Halo 4: Forward Unto Dawn is more space soap than space opera
Microsoft's ambitious web-series starts off all Battlestar Galactica: Junior High.
Microsoft's never made any secret of its desire to turn Halo from a huge game series into a multimedia entertainment juggernaut. But ever since its famously overreaching attempt to strong-arm Hollywood into a film deal was batted away by movie execs - denying us the mouthwatering prospect of seeing Halo's universe realised by District 9 director Neill Blomkamp - the software giant has been relegated to meddling in the murky margins of promotional video.
The new web-series Forward Unto Dawn, which debuts today, is certainly an aggressive sales pitch - and not just for next month's Halo 4, whose plot it foreshadows. Weighing in at five 20-minute episodes, it's a fairly substantial strip of film drama that goes further than ever before in colouring in the backdrop of Master Chief's continuing adventures in space.
The first episode (embedded below) doesn't apply a lot of colour, mind. Rather than the lurid spectacle of the games, Forward Unto Dawn opts for the washed-out palette and gritty, sorrowful tone of current TV fashion - fans of the recent Battlestar Galactica reboot will feel right at home in this overwhelmingly gunmetal-grey future.
The drama plays it muted, too. This is the story of a bunch of fresh-faced cadet space marines at an elite military academy - all their parents are senior offices in the United Nations Space Command - and so far it's strictly high school. There's even a locker-room confrontation between the dumb jock and our troubled maverick hero, Lasky, after his insubordination wrecks a combat exercise, while romantic tension simmers with a concerned best friend. Swap the battle armour for American football kit (and the stiff young actors for much better ones) and it might as well be Friday Night Lights.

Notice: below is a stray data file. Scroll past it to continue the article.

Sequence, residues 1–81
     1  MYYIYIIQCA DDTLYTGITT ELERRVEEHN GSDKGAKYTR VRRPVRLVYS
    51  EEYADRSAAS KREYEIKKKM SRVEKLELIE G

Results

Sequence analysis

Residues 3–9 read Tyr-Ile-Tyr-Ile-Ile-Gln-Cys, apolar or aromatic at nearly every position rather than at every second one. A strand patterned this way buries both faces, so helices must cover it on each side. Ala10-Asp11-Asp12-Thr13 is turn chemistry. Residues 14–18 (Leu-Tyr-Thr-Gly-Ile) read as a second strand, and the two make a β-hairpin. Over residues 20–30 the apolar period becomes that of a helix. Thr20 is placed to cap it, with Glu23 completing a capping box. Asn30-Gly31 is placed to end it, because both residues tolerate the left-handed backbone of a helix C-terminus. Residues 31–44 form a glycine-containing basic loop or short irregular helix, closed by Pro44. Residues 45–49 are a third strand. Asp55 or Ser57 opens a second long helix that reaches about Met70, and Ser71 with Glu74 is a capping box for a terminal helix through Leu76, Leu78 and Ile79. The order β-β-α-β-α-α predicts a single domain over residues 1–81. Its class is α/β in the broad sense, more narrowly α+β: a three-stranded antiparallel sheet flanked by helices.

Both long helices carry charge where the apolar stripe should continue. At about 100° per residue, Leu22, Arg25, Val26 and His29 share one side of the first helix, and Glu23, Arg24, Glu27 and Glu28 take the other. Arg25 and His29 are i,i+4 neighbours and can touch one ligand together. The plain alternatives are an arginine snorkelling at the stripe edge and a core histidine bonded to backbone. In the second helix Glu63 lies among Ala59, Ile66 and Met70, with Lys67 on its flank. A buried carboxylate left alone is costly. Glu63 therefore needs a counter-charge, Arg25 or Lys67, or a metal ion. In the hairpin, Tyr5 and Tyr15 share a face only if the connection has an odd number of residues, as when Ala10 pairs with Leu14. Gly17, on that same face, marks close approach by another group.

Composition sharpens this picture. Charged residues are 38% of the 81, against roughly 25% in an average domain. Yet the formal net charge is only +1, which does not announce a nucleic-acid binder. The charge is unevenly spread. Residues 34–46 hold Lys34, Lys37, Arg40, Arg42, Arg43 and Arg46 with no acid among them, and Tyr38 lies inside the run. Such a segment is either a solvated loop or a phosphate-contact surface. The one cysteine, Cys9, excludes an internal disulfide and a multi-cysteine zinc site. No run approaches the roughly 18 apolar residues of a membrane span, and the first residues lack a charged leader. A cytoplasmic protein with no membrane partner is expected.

100 minutes of sci-fi drama must be expensive when written off against a marketing budget, so there are obvious budgetary reasons for keeping things low-key - and trailers have suggested we'll get our share of action later, along with an appearance from everyone's favourite eight-foot slab of space hero. And in truth, Forward Unto Dawn rarely looks cheap, while an appearance from an actual working Warthog should stir a little fanboy fervour in even the most cynical viewer. It's a convincing impersonation of real TV with a serviceable script, although the woeful acting is probably the most obvious cut corner.
But surely no-one expected this to be a masterpiece, and there are four episodes left to warm things up. The bigger concern I have is that Forward Unto Dawn shows a misunderstanding of what gave the Halo universe its broad appeal in the first place. It's all in the tone.
Like the toe-curling Remember Reach campaign before it, Forward Unto Dawn mistakes overwrought, sentimental militarism for a sense of the epic, mundane human drama for involving storytelling, and takes its world so seriously it comes across a bit pompous. The blame can't be laid entirely at the door of Microsoft's marketers either, since Bungie itself started taking the series in this direction with ODST and Reach.
And while such a sombre mood might suit the hardcrabble survivors' existence of Adama and the Galactica's crew, Halo is fundamentally a series about blowing up aliens that succeeded, in part, because it filled the vacuum for intense, frivolous, high-octane space opera left by those unsatisfying Star Wars prequels. Maybe you can only ever do that stuff on a much broader canvas and a bigger budget than Forward Unto Dawn has, but would it hurt to try? I for one would love to see the 21st century produce some science-fiction that dared to be fun...